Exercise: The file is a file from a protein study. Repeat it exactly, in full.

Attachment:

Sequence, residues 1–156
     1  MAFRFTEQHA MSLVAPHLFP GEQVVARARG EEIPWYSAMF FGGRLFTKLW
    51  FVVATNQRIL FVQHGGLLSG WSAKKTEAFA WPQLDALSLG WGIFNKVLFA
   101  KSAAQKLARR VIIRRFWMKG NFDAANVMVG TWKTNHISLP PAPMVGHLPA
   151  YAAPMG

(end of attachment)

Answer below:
Sequence, residues 1–156
     1  MAFRFTEQHA MSLVAPHLFP GEQVVARARG EEIPWYSAMF FGGRLFTKLW
    51  FVVATNQRIL FVQHGGLLSG WSAKKTEAFA WPQLDALSLG WGIFNKVLFA
   101  KSAAQKLARR VIIRRFWMKG NFDAANVMVG TWKTNHISLP PAPMVGHLPA
   151  YAAPMG